Saturday, July 3, 2010
Modular construction drives DeSoto management firm's success
Gail Warrior wants people to think inside the box.
The 42-year-old owner and chief executive of the Warrior Group Inc. has built one of the largest woman/minority-owned construction management companies in the country by preaching the gospel of permanent modular construction.
The first thing she has to do is dispel the notion that she's talking about the portable buildings used at schools and construction sites or the wide-load manufactured houses you see headed down the highway.
Instead, she means major structures – hotels, apartment buildings
, hospitals, dorms, day care centers – that look normal inside and out once they're complete. But the rooms, or "boxes," are manufactured in plants and transported to a permanent foundation
, where utilities are hooked up and exteriors are added.
There are fewer weather delays than with traditional construction, and about 85 percent of interior finish-out is done at the plant.
"You can imagine when I go to a university: The first thing they visualize is temporary classrooms," says Warrior in her offices in DeSoto
, which, of course, are modular. "When I show them visuals, it piques their interest
, and they'll say, 'Tell us more.' "
She must be doing some mighty fine talking.
Last year, Warrior Group brought in $124 million in revenue, almost all of that from huge military housing projects at Fort Sam Houston in San Antonio, Fort Bliss in El Paso, Fort Carson in Colorado Springs, Colo., and Fort Polk in Louisiana. This year, Warrior Group, which has 62 employees, added a four-story housing project at Fort Hood in Killeen to its construction management portfolio.
Her company contracts with modular construction manufacturers such as Trendsetter Homes in Belton, Texas, that build hundreds
, even thousands, of identical units to very detailed specifications.
Warrior supervises construction in the plant, transportation to the site and installation on the foundation.
Warrior Group has a joint venture partnership with Colorado-based Hensel Phelps Construction Co. on these Army projects.
These are not your father's barracks.
At Fort Carson, for example, Warrior Group's four, four-story complexes have to meet anti-terrorism requirements, including progressive collapse.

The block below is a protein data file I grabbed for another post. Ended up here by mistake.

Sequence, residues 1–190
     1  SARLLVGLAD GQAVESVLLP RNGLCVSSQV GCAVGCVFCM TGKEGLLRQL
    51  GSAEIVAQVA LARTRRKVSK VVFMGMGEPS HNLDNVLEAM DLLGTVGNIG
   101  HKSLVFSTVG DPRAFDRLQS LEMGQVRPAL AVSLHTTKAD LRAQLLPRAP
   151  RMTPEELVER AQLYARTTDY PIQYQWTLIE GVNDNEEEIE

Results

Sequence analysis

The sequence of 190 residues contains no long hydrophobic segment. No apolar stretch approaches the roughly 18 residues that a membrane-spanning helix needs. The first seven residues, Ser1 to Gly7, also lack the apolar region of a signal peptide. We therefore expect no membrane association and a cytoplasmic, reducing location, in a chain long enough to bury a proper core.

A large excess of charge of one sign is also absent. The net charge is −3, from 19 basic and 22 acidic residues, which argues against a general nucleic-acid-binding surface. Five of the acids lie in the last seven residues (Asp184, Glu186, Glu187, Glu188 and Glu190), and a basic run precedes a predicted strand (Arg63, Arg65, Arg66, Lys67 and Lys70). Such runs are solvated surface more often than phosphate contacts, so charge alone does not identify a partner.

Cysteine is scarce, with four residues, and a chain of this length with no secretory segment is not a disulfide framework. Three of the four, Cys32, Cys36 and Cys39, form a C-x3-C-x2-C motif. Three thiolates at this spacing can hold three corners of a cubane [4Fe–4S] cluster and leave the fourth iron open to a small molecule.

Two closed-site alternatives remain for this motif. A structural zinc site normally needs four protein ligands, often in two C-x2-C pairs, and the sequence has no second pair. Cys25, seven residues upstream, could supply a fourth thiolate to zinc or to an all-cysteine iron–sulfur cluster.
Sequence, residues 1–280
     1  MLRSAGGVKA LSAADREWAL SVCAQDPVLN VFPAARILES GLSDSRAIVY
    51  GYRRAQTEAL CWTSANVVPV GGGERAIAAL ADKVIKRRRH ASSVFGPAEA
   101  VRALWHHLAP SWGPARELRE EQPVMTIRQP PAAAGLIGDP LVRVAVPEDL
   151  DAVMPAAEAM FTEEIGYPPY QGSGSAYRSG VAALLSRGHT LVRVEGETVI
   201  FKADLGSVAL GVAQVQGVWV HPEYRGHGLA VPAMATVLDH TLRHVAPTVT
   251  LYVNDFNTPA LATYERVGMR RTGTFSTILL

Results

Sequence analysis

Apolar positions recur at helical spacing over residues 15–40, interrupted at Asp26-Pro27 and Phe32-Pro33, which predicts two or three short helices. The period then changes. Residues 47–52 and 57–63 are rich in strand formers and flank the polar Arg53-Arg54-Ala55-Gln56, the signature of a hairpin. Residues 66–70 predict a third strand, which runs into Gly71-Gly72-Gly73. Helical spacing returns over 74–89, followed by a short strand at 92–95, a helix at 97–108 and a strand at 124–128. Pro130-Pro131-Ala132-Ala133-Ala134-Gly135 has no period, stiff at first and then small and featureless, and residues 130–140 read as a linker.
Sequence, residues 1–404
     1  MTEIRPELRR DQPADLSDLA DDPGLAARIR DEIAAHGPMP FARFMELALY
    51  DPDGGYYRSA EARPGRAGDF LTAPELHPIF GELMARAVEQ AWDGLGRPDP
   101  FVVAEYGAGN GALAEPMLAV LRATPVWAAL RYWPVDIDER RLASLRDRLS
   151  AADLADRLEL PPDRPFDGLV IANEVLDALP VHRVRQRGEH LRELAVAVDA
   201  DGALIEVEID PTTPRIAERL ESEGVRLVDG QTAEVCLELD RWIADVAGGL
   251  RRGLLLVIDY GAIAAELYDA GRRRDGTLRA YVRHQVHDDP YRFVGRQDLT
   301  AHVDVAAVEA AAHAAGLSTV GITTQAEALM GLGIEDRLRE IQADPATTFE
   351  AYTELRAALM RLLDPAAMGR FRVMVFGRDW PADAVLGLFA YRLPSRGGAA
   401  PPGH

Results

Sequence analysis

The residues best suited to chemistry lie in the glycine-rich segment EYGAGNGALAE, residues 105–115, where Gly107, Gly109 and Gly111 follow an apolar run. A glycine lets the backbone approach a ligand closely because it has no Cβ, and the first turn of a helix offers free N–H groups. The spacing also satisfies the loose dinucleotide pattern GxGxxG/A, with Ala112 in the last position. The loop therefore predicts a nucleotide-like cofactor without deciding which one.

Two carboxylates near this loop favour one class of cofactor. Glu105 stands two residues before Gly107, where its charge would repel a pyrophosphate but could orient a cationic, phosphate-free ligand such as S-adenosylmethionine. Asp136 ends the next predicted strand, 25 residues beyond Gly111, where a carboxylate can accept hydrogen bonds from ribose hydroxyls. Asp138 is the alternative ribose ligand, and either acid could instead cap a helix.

Warrior Group and Hensel Phelps recently completed the first of four residential buildings at Fort Sam Houston.
The first floors are being traditionally built on site by Hensel. Warrior Group then installs modular apartments made by Trendsetter for floors two
, three and four.
All told, there will be 3,000 apartments with pre-installed kitchens and bathrooms for medical trainees at the new Medical Education Training Center in San Antonio. Warrior Group's share of the multiphase project is $110 million and involves 1.16 million square feet of construction.
All this is remarkable because just five years ago, the U.S. Army Corps of Engineers wouldn't consider modular construction for permanent living quarters.
Warrior used the Base Realignment and Closure Act of 2005 to persuade the Army otherwise. The Army needed a lot of buildings pronto as operations were consolidated.
"We knew there was no way that the corps could do all of that by site-built construction and get it done within the budget that they had," she says.
She went to Hensel Phelps with the idea
, and together, they won a barracks project at Fort Bliss in 2006. They've been joint-venture partners on hundreds of millions of dollars and millions of square feet of Army projects ever since.
Glen Miller, operations manager for Hensel Phelps' West Texas region, worked with Warrior from the outset.
"Back in the early days
, it was, 'Help me out, help me out,' " Miller says. "The construction we do is big league construction. To play in this arena, you have to step it up. And they've done it. They haven't leaned on: 'Hey I'm a woman-owned
, minority-owned company, and I deserve all of this.' They've participated in a major way. That's the greatest success."
Warrior has no intention of being "a face company."
"We're not a company that says, 'Throw us a 2 percent fee just so you can meet your minority/female participation goals